Roundup: Last week in election reform
Sunday, September 9th, 2007
It was a busy week for us behind the scenes at Why Tuesday?, and in the world of election reform. What is election reform exactly? And who is the guy in the photo? Get the answers, and much more election reform news, by clicking below. Photo by Cheryl Senter for the New York Times.
The guy in the photo, and the primary election tango
Its New Hampshire Secretary of State William M. Gardner. He got press in the New York Times this week as the “defender” of New Hampshire’s historical first-in-the-nation primary spot on the rapidly-changing primary election calendar.
Meanwhile, the Des Moines Register tells the story of how two Michigan congress members (and brothers!) are going head-to-head with Iowans and New Hampshirites. Not only did Michigan move up it’s primary election last week (despite threat of punishment from candidates and party officials), but Representative Sander Levin (D-MI) and his brother, Senator Carl Levin (D-MI) both introduced legislation “that would set up six primary or caucus dates between March and June, with each state representing a different geographic region.”
How do YOU define election reform?
The Associated Press reported Thursday that efforts to reform the American election system have shifted from the goals of the 2002 Help America Vote Act, which helped usher in an era of electronic voting in the United States. Today, Jim Abrams writes, “[lawmakers] now say a return to the paper trails of old is the key to an honest vote, exasperating state election officials.” The article reports that a scheduled vote on Rep. Rush “Holt’s (D-NJ) H.R. 811 was put off “after the legislation met resistance in the Democratic-controlled Rules Committee, which sets rules for floor debate.” Politico, The Hill (via BRAD BLOG)
As seen on electionline.org
electionline.org director Doug Chapin also writes about the evolution of election reform. He talks about the elections “market” and says
[when] the Help America Vote Act (HAVA) was enacted in 2002 a seller’s market in election technology ensued.
Beginning last year during the 2006 primary season, we saw the buyer’s market start to emerge. As reports of machine malfunctions arose, secretaries of state in Arkansas, Indiana, and West Virginia went public with their complaints about their vendors and, in some cases, initiated legal action to get them addressed.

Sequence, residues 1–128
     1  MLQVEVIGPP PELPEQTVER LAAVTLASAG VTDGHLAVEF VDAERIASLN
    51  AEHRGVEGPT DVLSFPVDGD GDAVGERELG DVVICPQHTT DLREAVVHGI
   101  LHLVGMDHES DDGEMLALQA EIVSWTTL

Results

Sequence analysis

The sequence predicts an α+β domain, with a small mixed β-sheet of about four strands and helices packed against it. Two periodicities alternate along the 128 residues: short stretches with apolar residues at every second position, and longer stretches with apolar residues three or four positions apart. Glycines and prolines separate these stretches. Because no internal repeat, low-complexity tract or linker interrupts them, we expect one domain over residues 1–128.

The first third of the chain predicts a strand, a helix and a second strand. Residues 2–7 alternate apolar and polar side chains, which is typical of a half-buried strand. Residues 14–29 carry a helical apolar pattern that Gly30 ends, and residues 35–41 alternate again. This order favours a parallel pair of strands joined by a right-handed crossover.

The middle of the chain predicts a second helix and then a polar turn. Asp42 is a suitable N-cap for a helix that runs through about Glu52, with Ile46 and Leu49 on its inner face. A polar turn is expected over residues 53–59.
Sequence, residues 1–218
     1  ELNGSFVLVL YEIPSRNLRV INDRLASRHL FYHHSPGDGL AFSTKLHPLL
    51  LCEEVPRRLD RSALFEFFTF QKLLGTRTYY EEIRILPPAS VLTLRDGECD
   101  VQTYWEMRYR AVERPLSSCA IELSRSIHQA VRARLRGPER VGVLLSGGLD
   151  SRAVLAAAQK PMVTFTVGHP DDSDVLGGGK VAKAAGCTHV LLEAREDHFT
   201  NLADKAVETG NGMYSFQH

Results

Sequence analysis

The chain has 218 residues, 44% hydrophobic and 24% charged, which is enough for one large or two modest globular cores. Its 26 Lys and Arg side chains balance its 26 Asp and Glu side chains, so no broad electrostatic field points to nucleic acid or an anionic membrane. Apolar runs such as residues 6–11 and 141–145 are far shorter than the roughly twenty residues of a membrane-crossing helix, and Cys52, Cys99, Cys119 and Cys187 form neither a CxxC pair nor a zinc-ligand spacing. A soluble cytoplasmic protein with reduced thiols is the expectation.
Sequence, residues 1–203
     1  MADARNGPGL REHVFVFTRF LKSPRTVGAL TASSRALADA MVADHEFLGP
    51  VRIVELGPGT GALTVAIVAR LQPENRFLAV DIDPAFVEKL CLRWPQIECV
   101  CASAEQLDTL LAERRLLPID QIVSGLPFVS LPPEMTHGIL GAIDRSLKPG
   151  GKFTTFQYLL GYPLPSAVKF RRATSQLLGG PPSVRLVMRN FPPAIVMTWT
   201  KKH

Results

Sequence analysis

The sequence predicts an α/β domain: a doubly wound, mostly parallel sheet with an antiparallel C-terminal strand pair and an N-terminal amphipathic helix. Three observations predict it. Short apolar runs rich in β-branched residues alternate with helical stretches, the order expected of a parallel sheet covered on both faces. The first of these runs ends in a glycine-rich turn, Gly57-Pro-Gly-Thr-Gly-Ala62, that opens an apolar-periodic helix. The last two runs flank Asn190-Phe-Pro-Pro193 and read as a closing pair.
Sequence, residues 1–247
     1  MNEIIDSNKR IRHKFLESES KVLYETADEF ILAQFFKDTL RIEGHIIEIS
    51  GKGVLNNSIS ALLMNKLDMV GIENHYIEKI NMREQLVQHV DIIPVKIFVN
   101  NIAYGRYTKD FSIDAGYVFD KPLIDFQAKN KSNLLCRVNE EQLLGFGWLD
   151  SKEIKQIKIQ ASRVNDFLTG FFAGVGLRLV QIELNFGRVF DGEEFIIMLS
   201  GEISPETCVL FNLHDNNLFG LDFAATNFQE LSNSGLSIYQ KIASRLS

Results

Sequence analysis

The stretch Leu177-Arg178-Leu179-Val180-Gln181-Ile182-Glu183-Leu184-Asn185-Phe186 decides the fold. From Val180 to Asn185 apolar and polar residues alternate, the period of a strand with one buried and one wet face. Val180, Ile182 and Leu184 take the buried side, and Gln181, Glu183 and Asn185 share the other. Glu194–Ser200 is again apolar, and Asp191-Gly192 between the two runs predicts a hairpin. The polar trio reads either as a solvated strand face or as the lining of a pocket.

“What remains to be seen,” Chapin writes, “is whether the new buyer’s market will help make the 2008 election cycle run more smoothly for election officials and voters alike.” What about a voters market? electionline.org is an invaluable election reform resource, and a project of The Pew Charitable Trusts.
As seen on BRAD BLOG
Blogger Brad Friedman, while traveling the country, has continued to keep his eyes sharply trained on all things election reform. This week, he noted that the “New York Times has finally called for an all out ban on touch-screen voting machines,” reported that Rep. Susan Davis (D-CA) attempted to amend Rep. Holt’s H.R. 811 with restrictions “similar to, though weaker than, California Secretary of State Debra Bowen’s recently imposed restrictions on DRE voting systems,” and pointed out tensions in New Jersey over the safest type of voting machines.
Rocky Mountain reforms?
The Rocky Mountain News reported that Colorado Secretary of State Mike Coffman “charged that Premier Election Solutions, Hart InterCivic, ES&S and Sequoia have been slow to provide documentation, hardware and other information needed to retest and certify voting machines, as required by state law.” The paper reports Coffman’s office says certification is an issue of voting security, and if he doesn’t see compliance by November 16, counties using these machines will see contingency plans.
Same-day registration for new citizens passes in CA State Senate
The California Chronicle says California State Senator Jenny Oropeza (D-Long Beach) “has annually introduced an election-reform package since her election to the Assembly in 2000. Her 2003 measure required that The Voter Bill of Rights be posted at polling places statewide and included in the voter pamphlet.” Last week the State Senate passed a bill she submitted which would allow newly-naturalized citizens to register to vote on the day of an election.
AEI-Brookings research assistant comes out against H.R. 811
In the Washington Post, Timothy J. Ryan writes positively about a system called Prime III and another called Punchscan, both of which, he says would be outlawed by H.R. 811 “Prime III because it does not produce a paper record and Punchscan because the paper record is not preserved by election officials.”
Project Vote @ TPM Cafe
Project Vote is “series of blogs to keep people informed on current election reform and voting rights issues in the news.” Last week’s entry: Without the Voting Rights Act, There Would Be No Minority Elected Officials.
USA issues voluntary voting guidelines
Information Week has the news that the non-mandatory rules U.S. Election Assistance Commission’s Technical Guidelines Development Committee proposed will be open to public comment online.